European Finance Ministers are meeting in Copenhagen today and tomorrow to discuss the possibility of introducing a tax on financial transactions. Some journalists appear to be insisting that the prospects for such a tax are fading or even doomed, but this is not the case. Hopes for a financial transaction tax (FTT) are not dead.
For starters, Germany has not given up on the tax. The misconception running through the media that Finance Minister Schäuble has abandoned this project stands to be corrected. Yesterday, in an interview with radio station dradio, Schäuble said that Germany is ‘‘fighting with determination for a financial transaction tax’’. The day before, in the German edition of the Financial Times, he also asserted his willingness to move at a Eurozone level or involve fewer countries. He suggested that the nine countries that asked the Danish EU presidency to speed up the FTT process, back in February, should go ahead and implement the tax.
Germany is certainly not throwing in the towel and neither is Austria for that matter. Austrian Deputy Minister Andreas Scheider said on Tuesday that he refuses ‘to declare prematurely that such a central project is dead’ and insists that as many countries as possible should get on board for a tax on financial deals. In France, all the main candidates (Sarkozy, Hollande, Bayrou) to the Presidential election are in favour of the FTT.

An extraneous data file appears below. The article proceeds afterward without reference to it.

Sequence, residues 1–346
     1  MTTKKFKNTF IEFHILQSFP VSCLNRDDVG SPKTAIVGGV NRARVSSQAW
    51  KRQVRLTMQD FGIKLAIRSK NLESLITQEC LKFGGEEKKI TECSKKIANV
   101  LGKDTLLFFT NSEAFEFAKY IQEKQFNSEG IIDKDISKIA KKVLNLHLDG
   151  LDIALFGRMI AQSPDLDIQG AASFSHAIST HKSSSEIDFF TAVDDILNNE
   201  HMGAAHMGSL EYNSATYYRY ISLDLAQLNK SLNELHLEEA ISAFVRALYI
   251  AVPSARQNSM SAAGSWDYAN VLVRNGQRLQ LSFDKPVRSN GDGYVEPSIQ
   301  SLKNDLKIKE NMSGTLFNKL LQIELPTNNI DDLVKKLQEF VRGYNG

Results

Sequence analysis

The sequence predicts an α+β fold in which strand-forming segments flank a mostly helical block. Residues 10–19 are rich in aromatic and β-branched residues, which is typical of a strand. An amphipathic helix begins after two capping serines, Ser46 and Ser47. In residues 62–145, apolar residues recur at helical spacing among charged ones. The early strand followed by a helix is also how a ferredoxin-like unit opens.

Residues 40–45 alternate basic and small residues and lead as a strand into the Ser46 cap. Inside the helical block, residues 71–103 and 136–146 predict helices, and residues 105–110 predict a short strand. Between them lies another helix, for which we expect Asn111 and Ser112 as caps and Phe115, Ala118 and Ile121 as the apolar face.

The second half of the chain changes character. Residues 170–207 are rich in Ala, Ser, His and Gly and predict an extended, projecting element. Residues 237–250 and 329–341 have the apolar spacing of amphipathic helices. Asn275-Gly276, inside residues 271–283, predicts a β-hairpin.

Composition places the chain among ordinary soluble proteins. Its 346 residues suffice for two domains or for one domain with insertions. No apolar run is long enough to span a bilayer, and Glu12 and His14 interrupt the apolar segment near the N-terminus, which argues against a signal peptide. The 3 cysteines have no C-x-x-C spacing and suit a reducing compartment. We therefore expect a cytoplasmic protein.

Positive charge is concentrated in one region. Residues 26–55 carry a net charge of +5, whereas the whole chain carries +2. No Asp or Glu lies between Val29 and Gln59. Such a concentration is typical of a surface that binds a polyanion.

Now it is important for Finance Ministers to stick to the option of a broad based FTT and not open the Pandora’s box of alternatives – this will not convince opponents such as the UK and will only delay discussions.
The nine countries that signed the letter to the Danish EU Presidency represent 90% of Eurozone GDP and 67% of EU GDP and include four of the five biggest economies in the EU. A tax on transactions by these countries alone, even if just implemented on equities and derivatives, would be a very significant step and has the potential to raise €38 billion every year
Arguments that such action will lead to capital flight are a weak and insufficient to block progress. Forty countries around the world already have a unilateral FTT and have suffered no such loss, and in any case the principle of residence would prevent capital flight from occurring.
Although the pros and cons of a European FTT will indeed be reviewed in Copenhagen, European Finance Ministers have certainly not sounded the death knell for a tax on financial transactions.